One fundamental change in the amended bill is its elimination of any role for COERC in the new online course system. As I indicated in a previous post Steinberg had originally tied his push for online courses to his previous push for a system for producing digital textbooks. This part of SB520 garnered the most vociferous push back because it removed authority over curricula from the Academic Senates at the three segments and struck most obviously at faculty authority. In response to that push-back, SB520 now commands that the new California Student Access Platform "shall be developed and administered by the President of the University of California, the Chancellor of the California State University, and the Chancellor of the California Community Colleges, jointly, with the academic senates of the respective segments." He has also added a clause that each online course must have "associated with it a faculty sponsor who is a member of the faculty of the University of California, the California State University, or the California Community Colleges" if it wants approval. There remain ambiguities here, most especially concerning the respective authority granted to the administrations and senates of the Community Colleges, CSU, and UC. But Steinberg has made that a problem for the segments rather than seeming to attack faculty authority directly.
Secondly, Steinberg has restricted access to the Online Platform, perhaps in response to the manifold questions that surround MOOCs and their educational value. In the revised version, Steinberg now declares that the Platform will only serve students matriculated either at one of the three segments or at a California High School. As before, the Platform is designed to focus on lower-division courses that have histories of over-enrollment.
But in modifying these sections of the Bill, Steinberg has only intensified its major implications. Whatever Steinberg's motivations, the amended version of the Bill makes clear that the heart of the legislation is mandating that California Public Higher Education shift course creation to private providers and guarantee private online providers a market in credentials and an educational legitimacy that they have been unable to generate on their own.
SB520 states as a principle that:
California could significantly benefit from a statutorily enacted, quality-first, faculty-led framework that increases partnerships between faculty and online course technology providers aimed at allowing students in
strategically selected lower division areas to take online courses for credit at the UC, CSU, and CCC systems.
Indeed, the Platform itself:
shall solicit, develop, and promote appropriate partnerships between online course providers and faculty members of the University of California, California State University, and the California Community Colleges for the development and deployment of high-quality online options for strategically selected lower division courses.
And lest we miss the point, SB520 also commands that:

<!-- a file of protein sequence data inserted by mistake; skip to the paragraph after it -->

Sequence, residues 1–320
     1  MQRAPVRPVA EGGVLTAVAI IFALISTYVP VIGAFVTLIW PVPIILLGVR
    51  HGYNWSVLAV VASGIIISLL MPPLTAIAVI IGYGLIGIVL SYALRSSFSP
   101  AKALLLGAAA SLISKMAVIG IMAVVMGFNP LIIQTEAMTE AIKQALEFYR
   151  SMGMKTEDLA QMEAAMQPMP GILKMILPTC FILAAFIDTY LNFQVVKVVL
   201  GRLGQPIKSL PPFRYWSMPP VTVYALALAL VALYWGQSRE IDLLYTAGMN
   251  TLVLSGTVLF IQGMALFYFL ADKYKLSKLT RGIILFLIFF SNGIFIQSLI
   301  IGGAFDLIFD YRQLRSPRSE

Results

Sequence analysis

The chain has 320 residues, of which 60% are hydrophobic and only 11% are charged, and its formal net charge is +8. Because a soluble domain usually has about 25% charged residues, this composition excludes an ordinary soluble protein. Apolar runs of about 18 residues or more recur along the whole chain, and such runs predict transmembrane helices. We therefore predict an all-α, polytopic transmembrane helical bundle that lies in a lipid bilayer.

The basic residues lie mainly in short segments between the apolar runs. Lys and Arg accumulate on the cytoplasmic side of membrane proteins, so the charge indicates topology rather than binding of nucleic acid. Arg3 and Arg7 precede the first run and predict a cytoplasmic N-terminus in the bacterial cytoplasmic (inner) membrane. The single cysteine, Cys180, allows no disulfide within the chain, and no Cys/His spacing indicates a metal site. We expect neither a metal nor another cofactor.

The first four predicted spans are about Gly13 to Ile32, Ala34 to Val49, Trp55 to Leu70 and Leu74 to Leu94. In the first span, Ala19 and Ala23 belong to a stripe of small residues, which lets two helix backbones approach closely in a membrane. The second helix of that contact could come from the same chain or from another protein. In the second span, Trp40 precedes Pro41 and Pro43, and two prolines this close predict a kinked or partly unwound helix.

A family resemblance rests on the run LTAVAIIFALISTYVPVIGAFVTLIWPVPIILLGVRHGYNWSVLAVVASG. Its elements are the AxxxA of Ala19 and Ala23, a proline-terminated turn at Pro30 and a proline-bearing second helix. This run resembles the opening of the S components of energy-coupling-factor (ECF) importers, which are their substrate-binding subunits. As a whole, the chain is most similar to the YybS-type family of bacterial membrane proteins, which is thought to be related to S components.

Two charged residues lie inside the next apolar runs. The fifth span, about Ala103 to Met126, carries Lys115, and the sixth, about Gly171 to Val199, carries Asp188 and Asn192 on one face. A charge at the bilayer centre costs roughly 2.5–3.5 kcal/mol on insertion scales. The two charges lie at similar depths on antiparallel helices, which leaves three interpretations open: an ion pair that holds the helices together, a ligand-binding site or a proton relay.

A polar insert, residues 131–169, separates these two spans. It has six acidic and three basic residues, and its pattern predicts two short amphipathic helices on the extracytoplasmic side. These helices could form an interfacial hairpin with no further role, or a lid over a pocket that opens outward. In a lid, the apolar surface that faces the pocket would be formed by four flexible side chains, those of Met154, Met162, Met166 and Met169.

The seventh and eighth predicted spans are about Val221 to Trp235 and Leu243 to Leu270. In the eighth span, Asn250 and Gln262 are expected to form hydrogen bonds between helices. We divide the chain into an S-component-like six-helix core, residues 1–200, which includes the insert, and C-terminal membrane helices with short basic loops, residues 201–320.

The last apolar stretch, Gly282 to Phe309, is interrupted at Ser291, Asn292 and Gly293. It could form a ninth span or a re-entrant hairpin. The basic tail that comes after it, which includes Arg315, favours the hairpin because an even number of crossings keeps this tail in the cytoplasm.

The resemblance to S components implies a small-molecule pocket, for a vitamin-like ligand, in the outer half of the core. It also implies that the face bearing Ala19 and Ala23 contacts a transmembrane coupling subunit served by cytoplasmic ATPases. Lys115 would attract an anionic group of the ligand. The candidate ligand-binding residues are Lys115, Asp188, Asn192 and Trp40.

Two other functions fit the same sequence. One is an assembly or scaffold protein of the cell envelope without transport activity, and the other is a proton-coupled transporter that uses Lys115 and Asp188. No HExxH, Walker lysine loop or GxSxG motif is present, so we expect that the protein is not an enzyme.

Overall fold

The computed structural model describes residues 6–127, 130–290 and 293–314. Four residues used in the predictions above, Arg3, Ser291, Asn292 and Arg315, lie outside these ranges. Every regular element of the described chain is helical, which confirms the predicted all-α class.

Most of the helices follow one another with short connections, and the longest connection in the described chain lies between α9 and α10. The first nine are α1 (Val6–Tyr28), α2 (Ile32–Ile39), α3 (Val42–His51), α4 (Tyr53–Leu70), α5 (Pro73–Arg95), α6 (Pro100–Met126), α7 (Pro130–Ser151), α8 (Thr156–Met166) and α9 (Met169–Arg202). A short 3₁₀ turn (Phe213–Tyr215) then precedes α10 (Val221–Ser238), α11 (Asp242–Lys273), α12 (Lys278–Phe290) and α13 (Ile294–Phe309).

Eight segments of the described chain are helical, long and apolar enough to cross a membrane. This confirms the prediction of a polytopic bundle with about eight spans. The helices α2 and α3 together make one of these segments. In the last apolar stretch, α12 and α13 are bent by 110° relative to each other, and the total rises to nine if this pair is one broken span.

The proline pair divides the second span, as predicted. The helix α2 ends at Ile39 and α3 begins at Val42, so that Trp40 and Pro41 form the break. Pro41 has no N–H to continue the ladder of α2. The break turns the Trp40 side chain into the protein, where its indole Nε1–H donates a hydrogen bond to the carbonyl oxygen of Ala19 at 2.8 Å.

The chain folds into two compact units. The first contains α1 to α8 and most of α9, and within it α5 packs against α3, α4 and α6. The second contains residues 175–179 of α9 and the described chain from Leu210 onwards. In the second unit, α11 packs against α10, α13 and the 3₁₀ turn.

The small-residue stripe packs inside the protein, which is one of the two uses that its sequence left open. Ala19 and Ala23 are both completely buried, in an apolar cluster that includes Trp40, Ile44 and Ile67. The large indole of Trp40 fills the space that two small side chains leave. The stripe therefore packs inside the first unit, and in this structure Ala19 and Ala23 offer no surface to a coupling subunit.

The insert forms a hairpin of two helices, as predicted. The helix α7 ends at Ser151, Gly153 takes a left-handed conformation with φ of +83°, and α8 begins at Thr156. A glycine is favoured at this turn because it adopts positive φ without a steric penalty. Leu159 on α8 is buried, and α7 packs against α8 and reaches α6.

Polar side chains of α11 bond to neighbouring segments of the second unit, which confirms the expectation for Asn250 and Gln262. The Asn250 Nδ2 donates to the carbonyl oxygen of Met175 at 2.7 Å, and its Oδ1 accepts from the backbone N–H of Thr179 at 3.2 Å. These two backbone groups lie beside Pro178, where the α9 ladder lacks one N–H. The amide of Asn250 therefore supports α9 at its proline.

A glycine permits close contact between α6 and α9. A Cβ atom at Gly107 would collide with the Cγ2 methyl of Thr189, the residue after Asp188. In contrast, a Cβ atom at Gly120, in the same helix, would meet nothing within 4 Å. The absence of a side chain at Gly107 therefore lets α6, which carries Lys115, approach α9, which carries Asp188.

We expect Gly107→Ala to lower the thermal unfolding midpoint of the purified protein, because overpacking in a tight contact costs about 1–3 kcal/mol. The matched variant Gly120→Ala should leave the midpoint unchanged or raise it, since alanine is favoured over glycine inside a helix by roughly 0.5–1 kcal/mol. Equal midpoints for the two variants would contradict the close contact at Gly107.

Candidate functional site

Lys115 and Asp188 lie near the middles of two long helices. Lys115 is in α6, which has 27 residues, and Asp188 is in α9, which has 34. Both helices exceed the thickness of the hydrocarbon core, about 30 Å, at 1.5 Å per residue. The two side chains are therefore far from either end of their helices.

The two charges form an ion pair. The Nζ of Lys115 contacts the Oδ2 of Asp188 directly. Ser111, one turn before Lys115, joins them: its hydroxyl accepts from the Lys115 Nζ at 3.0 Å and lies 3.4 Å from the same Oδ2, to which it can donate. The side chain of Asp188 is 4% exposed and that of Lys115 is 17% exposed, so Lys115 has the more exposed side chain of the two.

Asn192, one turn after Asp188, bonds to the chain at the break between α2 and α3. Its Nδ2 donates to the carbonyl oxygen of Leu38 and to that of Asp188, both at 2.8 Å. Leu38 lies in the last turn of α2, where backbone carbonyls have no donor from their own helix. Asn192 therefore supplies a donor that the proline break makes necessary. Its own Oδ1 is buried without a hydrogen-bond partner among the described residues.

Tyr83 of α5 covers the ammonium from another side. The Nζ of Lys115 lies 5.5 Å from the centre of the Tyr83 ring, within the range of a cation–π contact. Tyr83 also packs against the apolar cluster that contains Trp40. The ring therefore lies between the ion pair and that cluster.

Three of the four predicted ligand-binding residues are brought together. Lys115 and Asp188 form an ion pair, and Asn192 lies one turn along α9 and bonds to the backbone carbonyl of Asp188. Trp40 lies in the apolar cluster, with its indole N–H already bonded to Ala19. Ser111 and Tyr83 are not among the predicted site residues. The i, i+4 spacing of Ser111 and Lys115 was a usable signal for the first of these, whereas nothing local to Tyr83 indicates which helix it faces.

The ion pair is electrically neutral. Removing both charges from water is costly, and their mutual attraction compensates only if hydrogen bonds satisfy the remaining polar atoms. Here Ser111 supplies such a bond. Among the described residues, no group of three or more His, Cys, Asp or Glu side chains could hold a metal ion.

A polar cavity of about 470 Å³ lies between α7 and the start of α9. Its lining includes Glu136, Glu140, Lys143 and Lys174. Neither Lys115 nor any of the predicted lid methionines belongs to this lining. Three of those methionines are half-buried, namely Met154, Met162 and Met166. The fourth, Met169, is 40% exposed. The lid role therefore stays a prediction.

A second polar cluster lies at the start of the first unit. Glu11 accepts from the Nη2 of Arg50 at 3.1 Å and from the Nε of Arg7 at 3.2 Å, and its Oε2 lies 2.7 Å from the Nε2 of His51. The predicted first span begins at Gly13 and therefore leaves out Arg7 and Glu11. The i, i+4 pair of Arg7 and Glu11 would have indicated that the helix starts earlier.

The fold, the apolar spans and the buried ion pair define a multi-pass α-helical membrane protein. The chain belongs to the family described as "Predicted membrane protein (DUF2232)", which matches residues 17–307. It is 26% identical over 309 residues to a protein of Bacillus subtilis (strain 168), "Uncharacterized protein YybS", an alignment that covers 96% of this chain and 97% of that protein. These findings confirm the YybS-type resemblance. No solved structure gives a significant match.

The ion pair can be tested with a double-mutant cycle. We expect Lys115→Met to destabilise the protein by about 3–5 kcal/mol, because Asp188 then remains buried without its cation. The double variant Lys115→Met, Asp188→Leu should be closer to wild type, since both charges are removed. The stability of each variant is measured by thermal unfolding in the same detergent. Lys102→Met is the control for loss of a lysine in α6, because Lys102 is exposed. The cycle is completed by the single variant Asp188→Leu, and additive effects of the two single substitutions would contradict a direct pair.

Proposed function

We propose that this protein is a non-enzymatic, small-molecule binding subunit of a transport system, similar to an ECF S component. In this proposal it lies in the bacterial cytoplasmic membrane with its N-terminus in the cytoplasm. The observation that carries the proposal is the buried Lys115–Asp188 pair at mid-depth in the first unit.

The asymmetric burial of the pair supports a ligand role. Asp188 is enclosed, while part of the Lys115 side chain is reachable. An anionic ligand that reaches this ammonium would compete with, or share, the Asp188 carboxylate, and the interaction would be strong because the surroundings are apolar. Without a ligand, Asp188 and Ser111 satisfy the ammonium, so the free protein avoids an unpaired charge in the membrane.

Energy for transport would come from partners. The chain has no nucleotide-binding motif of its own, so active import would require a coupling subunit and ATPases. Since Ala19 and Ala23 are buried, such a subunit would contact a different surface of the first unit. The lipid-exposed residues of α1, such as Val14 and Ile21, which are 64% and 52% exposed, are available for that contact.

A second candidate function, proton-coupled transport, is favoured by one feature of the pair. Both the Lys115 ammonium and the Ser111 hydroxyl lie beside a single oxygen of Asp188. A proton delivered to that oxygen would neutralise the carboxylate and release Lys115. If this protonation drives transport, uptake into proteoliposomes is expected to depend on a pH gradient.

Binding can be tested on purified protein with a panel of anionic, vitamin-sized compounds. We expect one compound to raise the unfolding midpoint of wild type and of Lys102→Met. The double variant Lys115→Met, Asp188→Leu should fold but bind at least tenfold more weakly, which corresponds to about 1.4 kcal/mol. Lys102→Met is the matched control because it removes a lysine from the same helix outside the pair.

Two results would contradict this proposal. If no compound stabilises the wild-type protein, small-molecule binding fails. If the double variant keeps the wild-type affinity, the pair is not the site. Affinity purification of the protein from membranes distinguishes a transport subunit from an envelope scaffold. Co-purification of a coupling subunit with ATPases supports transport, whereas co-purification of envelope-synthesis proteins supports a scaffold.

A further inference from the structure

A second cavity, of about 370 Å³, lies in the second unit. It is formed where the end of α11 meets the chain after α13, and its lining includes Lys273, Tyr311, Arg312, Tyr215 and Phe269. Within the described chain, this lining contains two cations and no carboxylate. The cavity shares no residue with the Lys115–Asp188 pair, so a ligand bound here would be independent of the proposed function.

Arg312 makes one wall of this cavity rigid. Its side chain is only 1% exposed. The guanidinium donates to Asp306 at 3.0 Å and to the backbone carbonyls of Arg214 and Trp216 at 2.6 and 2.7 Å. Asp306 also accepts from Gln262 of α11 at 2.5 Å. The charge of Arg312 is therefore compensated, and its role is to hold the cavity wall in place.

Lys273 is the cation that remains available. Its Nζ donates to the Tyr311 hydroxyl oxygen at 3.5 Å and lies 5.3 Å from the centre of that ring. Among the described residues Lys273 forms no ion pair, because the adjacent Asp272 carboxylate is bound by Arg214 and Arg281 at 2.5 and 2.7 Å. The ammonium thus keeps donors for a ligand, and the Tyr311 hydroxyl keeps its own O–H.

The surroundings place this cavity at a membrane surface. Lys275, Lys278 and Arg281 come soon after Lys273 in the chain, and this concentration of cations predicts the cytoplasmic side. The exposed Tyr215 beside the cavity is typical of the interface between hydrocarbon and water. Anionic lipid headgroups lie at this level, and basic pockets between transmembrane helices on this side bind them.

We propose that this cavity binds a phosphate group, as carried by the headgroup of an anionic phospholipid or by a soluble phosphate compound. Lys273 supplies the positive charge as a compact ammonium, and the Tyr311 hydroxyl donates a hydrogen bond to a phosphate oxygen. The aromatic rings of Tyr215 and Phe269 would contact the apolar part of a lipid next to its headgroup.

Apparently, Senator Steinberg has sought to appease faculty opposition by shifting authority over the courses to the 3 segments and by insisting that each course be linked to a faculty "sponsor." But these changes do nothing to the central effect of the Bill: to secure a subsidized market for for-profit online companies.
(2) (A) For each of the 50 courses identified under paragraph (1), solicit and promote appropriate partnerships between online course technology providers and faculty of the University of California, California State University, and California Community Colleges which, by the fall term of the 2014–15 academic year, shall result in the availability of multiple high-quality online course options in which students may enroll in that term.
(B) An online course developed pursuant to this paragraph shall be deemed to meet the lower division transfer and degree requirements for the University of California, the California State University, and the California Community Colleges.
If this conclusion seems harsh, it is only necessary to look at Marty Block's alternative bill SB547. I discussed Block's bill and its problems earlier, but one clear difference is that Block does not require public institutions of higher education to partner with for-profit online companies. Steinberg's SB520 on the other hand, commands that partnering as its very essence.
It is not clear why Steinberg thinks that this is a good solution. Obviously, it allows the Legislature to avoid confronting their own role in underfunding higher education. Perhaps his thinking has been shaped by the lobbying of people such as Sebastian Thrun (whose Udacity seems to be basing its future on precisely this sort of captured public market) or Steinberg's former colleague Dean Flores of 20 Million Minds. Flores, who has been pushing online providers across the nation recently told Inside Higher Education that “I think every professor in the nation starts with, ‘I think online education is going to ruin higher education,’ " he said. "What I think every professor is saying is, ‘Online learning is going to significantly disrupt the way I’ve been doing things."
Higher Ed administrators and Senate leaders may think that the proposed changes are enough to make the bill palatable. But this would be a mistake. In its stripped down version, SB520 continues to forward an agenda of insufficient public funding and a desire to force public institutions to serve private interests.
The latest version of SB520 needs to be opposed. But even more than that, Higher Education needs to do a far better job of explaining what actually goes on in campuses and systems and how universities and colleges in California actually work. Or Steinberg's trojan horse will not be the last.